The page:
Tragedy struck has struck in our neighborhood on more than one occasion in dramatic fashion. I recall one incident a few years back when I was rapidly pedaling my bicycle around the corner near my home when blaring sirens and flashing lights of police cars, fire trucks, and ambulances put my mind in a tailspin as the pandemonium converged on my friend’s home. I slowed my bike amidst a gathering crowd and noticed a paramedic to my left take over CPR for a moment and then sweep up my friend’s lifeless infant and carry him into the ambulance, where he was officially pronounced dead. While I did my best to comfort those involved I will be forever grateful to the officers who provided guidance and strength to many stunned onlookers.
A few weeks later I encountered those exact same sirens with different emotions this time. I went outside to shut my garage for the night and noticed my neighbor staggering into my cul-de-sac seriously injured. As I looked at his injuries I felt certain his hand would be amputated. We tended to him as best we could, treating him for shock, as we waited in tense anticipation for the first responders to arrive. At last the wail of sirens and the same rush of vehicles brought relief! Admiration for these men rushed over me as they took command of the scene and properly tended to their patient and others. Then without fanfare or adequate thanks, they again disappeared from the scene with little notice.
This week, the anniversary of 9/11 reminds us not just of the tragedy of that day, but of the courage of the thousands of first responders who ran into danger while others ran away. They were there to provide relief, security, and strength. In light of this I call on none other than Paul Harvey to pay tribute to a Policeman:
“…What is a policeman made of? He, of all men, is once the most needed and the most unwanted. He’s a strangely nameless creature who is “sir” to his face and “fuzz” to his back
He must be such a diplomat that he can settle differences between individuals so that each will think he won.
But…If the policeman is neat, he’s conceited; if he’s careless, he’s a bum. If he’s pleasant, he’s flirting; if not, he’s a grouch.
He must make an instant decision which would require months for a lawyer to make.
But…If he hurries, he’s careless; if he’s deliberate, he’s lazy. He must be first to an accident and infallible with his diagnosis. He must be able to start breathing, stop bleeding, tie splints and, above all, be sure the victim goes home without a limp. Or expect to be sued.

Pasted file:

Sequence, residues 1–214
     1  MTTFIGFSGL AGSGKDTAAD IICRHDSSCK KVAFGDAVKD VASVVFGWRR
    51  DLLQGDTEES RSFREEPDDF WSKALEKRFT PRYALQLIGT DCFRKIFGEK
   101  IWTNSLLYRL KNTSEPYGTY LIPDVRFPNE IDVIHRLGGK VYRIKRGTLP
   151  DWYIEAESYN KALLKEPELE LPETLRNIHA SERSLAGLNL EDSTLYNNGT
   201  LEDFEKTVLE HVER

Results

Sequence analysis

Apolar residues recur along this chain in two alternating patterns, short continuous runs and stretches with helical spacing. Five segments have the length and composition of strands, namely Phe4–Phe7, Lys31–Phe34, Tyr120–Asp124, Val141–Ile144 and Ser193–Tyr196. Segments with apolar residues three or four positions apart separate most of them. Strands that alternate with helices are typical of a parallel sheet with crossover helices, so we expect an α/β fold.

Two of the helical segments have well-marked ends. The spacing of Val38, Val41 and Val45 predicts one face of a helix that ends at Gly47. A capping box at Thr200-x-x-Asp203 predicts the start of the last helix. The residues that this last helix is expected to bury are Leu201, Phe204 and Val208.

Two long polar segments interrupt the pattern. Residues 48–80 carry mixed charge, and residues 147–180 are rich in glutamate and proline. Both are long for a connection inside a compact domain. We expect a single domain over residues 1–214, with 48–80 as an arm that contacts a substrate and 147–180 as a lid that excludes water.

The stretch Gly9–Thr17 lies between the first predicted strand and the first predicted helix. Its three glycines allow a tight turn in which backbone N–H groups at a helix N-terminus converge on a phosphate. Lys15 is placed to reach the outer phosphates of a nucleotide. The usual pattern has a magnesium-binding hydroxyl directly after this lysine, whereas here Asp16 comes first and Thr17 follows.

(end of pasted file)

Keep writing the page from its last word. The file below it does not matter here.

The police officer must know every gun, draw on the run, and hit where it doesn’t hurt. He must be able to whip two men twice his size and half his age without damaging his uniform and without being “brutal”. If you hit him, he’s a coward. If he hits you, he’s a bully.
A policeman must know everything-and not tell. He must know where all the sin is and not partake.
A policeman must, from a single strand of hair, be able to describe the crime, the weapon and the criminal- and tell you where the criminal is hiding.
But…If he catches the criminal, he’s lucky; if he doesn’t, he’s a dunce. If he gets promoted, he has political pull; if he doesn’t, he’s a dullard…
The policeman must be a minister, a social worker, a diplomat, a tough guy and a gentleman.
And, of course, he’d have to be genius….For he will have to feed a family on a policeman’s salary. “
Harvey’s tribute rings true as he gives honor to the officers who thanklessly provide stability in our lives in the face of extreme circumstances. Undoubtedly, all of you who are listening will join me in paying tribute to all our first responders from the police officer who is usually first on the scene to the paramedic and serviceman alike. These recent and near distant scenes are so vivid for me that I have a greater appreciation now for them than ever. As I’ve been contemplating their commitment and sacrifice a thought occurred to me that we are in the midst of another serious crisis—the preservation of our life, liberty, and pursuit of happiness and each of you are literally the first responders in this crisis.
With no intention of taking anything away from our first responder’s service, I want to impress upon your minds the importance of being a first responder in the fight for freedom. You see all around us, casualties are mounting that threaten our stability and security. Negative media, political pundits, economists, extremists, posturing politicians, special interests, terrorism, taxes, astronomical debt, dollar devaluation and much more are creating a scene of despair, apathy, and disgust that is too endemic today. While people are fleeing from this scene and standing around looking for leadership, your job is to rush into the turmoil and take charge in the midst of this psychological mayhem. Your job is to tend to the apathetic, the disenfranchised, the outraged, disgusted and defeated and bring the hope of a brighter future. As a leader in this front, FreedomShifters provide direction and strength to a nation in peril. We have great challenges indeed, but the greatest challenge lies in the thinking of the people. The way you and I think and respond to this “would be disaster”, helps the troubled to believe that freedom is not a pipe dream, it’s a priceless gift worth protecting!